23. Kasson, Rudeness and Civility, 25; Blumin, Emergence of the Middle Class, 258.

24. Reverend Frank Charles Laubach, Why There Are Tramps: A Study Based Upon an Examination of One Hundred Men (New York, 1916). On the Gilded-Age background to this fear of the unruly poor, see Eugene Leach, "The Literature of Riot Duty: Managing Class Conflict in the Streets, 1877-1927, Radical History Review 56 (spring 1993), 23-50; and Leach, "Chaining the Tiger: The Mob Stigma and the Working Class, 1863-1894," Labor History 35 (spring 1994), 187-215. On the intellectual underpinnings of such fears, see Leach, "Mastering the Crowd: Collective Behavior and Mass Society in American Social Thought, 1917-1939," American Studies 27 (spring 1986), 99-114.

25. This assiduous pursuit of data was most famously exemplified by Hull House Maps and Papers (New York, 1895); see also Robert A. Woods, ed., The City Wilderness: A Settlement Study (Boston, 1898). For an influential urban research protocol, see Robert E. Park, "The City: Suggestions for the Investigation of Human Behavior in the City Environment," American Journal of Sociology 20 (Mar. 1915), 577-612. And for a contemporary summing-up of theories of poverty and unemployment, see Frederick C. Mills's published Columbia University dissertation, Contemporary Theories of Unemployment and of Unemployment Relief (1917; New York, 1968).

26. After Dana's Two Years Before the Mast, an example of the therapeutic mode was Frank A. Crampton, Deep Enough: A Working Stiff in the Western Mine Camps (1956; Norman, Okla., 1982); and among the involuntary experimenters with downward mobility, the many examples include Theodore Dreiser, An Amateur Laborer, ed. and introd. Richard W. Dowell (Philadelphia, 1983); Mariner J. Kent, "The Making of a Tramp," Independent 55 (19 Mar. 1903): 667-70; Cecil Fairfield Lavell, "Man Who Lost Himself: An Enforced Experiment in Labor," Atlantic Monthly 120 (Nov. 1917): 589-98; Lavell, "From the Diary of a Laborer," Atlantic Monthly 123 (May 1919): 644-54; "Letters of a Down-and-Out," Atlantic Monthly 111 (Feb. 1913): 190-97; and "Letters of a Down-and-Out," Atlantic Monthly 111 (Mar. 1913): 368-77.

Some readers will be surprised by the absence from the following pages of Dorothy Richardson, author of The Long Day: The Story of a New York Working Girl (New York, 1905). I omit Richardson because her book presents itself as the product of an anonymous worker. She never names herself to the reader as a middle-class person venturing into a different world to study it; as will become clear below, this was to omit a crucial feature of the down-and-out writer's establishment of identity, authority, and power.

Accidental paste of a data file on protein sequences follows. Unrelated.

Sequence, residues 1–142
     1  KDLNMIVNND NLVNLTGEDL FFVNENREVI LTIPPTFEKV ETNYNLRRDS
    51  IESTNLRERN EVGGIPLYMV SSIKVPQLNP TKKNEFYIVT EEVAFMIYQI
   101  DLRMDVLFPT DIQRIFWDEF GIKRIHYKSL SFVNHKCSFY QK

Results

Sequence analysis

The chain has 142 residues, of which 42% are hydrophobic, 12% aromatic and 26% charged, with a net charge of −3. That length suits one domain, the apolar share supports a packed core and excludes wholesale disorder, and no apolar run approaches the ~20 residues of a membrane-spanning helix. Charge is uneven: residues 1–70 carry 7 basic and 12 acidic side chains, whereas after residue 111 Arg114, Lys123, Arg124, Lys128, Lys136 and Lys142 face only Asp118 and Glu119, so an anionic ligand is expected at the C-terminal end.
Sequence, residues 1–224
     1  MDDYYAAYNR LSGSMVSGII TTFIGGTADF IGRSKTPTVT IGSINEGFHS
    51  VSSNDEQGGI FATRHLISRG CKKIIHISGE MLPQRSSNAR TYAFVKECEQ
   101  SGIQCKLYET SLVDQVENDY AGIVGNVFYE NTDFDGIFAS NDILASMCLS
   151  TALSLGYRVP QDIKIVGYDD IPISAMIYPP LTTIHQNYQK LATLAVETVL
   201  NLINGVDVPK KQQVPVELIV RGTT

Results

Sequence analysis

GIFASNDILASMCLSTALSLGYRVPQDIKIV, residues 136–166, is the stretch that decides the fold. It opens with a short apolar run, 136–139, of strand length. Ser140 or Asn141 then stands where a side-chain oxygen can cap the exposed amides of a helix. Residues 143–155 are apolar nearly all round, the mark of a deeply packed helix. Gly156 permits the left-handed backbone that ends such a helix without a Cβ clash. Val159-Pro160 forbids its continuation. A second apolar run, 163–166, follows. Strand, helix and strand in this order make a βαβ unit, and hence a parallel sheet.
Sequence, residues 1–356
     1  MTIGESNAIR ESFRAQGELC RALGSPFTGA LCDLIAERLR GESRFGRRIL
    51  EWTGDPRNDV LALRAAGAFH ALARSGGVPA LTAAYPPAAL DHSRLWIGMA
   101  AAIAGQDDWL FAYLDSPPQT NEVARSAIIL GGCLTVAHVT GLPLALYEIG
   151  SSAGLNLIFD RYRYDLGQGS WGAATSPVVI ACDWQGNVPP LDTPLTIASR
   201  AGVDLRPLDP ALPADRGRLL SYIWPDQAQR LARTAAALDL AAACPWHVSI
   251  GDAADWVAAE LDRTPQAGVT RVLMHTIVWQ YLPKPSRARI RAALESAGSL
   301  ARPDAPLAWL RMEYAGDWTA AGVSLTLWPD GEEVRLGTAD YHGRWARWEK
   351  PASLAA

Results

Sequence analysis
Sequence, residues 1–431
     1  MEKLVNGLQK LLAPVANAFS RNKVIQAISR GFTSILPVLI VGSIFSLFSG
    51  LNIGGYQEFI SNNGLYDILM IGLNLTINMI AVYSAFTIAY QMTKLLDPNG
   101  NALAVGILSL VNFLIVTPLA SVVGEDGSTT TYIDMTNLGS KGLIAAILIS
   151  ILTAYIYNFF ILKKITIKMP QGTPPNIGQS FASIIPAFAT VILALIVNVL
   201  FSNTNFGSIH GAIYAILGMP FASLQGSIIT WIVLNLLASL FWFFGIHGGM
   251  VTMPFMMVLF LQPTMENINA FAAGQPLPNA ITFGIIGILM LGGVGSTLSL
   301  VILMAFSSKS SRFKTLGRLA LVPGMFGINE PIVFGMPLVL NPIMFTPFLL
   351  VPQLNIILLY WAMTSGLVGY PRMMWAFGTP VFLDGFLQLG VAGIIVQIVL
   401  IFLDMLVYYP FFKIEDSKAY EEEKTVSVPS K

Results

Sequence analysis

27. Brooke Kroeger, Nellie Bly: Daredevil, Reporter, Feminist (New York, 1994), 85-89, 101-5, 206-7; Penelope Harper, "'She Waited in Bloomers': Women Reporters Go Undercover in New York City, 1887-1910," paper preseanted at meeting of the Organization of American Historians, Washington, D.C., March 1995.

28. Crane's words come from an introductory section that appeared in the newspaper version, but which Crane dropped when he republished the story in book form. In this fugitive section, the story's protagonist watches a tramp and discusses with a companion the idea of going down-and-out, thus alerting the reader to the nature of the "experiment": Stephen Crane, "An Experiment in Misery," in Stephen Crane: Stories and Tales, ed. Robert Wooster Stallman (New York, 1955), 27. Alan Trachtenberg, "Experiments in Another Country: Stephen Crane's City Sketches," in American Realism: New Essays, ed. Eric J. Sundquist (Baltimore, Md., 1982), 144, 149.

29. Christopher Benfey, The Double Life of Stephen Crane (New York, 1992), 147-48.

30. Wyckoff was identified as "Assistant Professor" when The Workers was published in 1897, and, regrettably, remained so until his death in 1908 (Walter Wyckoff, The Workers: An Experiment in Reality, 2 vols., volume I: The East [New York, 1897], :title page); "Wyckoff, Walter Augustus," Dictionary of American Biography 20 (New York, 1936), 574-75.

31. Stanley Wertheim and Paul Sorrentino, The Crane Log: A Documentary Life of Stephen Crane 1871-1900 (New York, 1994), 97-101. Benfey states incorrectly that Wyckoff's articles appeared in Harper's (rather than in Scribner's), and that Linson "had drawn" the illustrations, as if before Crane's story appeared. Actually, Wyckoff's articles appeared three years later, and Linson illustrated only the first installment (Walter A. Wyckoff, "The Workers: An Experiment in Reality," Scribner's 22 [Aug. 1897]: 196).

32. Linda Gordon, "Welfare Reform Leaders," appendix to Pitied But Not Entitled: Single Mothers and the History of Welfare 1850-1935 (New York, 1994), 307-13; Robert M. Crunden, Ministers of Reform: The Progressives' Achievment in American Civilization 1889-1920 (New York, 1982). Of the forty-nine down-and-out investigators operating between 1877 and 1929 whom I identified, thirty were male and nineteen female. Of the twenty-eight for whom information was available, religion played a significant role in the background and/or adult lives of twenty; that is, they had ministerial antecedents, undertook some clerical training, or as adults gave evidence of commitment to religion or to a religiously-derived moral or ethical stance. Those who were identifiably descended from ministers, themselves studied for the ministry, or entered missionary work included Stephen Crane, Paul Göhre, Alexander Irvine, Annie Marion MacLean, Benjamin Marsh, Alvan F. Sanborn, Charles Rumford Walker, Josiah Flynt Willard, and Walter Wyckoff. Of course, not all of those with clerical antecedents inherited religious commitments; Crane and Willard certainly did not. While as a group the down-and-outers tended toward a broadly Christian, Social-Gospel-inflected moralism, they were often sharply critical of established churches and ministers: see for example Wyckoff, The Workers, 1:32; C. W. Miles, "Christ on Fifth Avenue," Harper's Weekly 60 (1915): 269-70, 297-98, 327-28, 353-54, 375-76.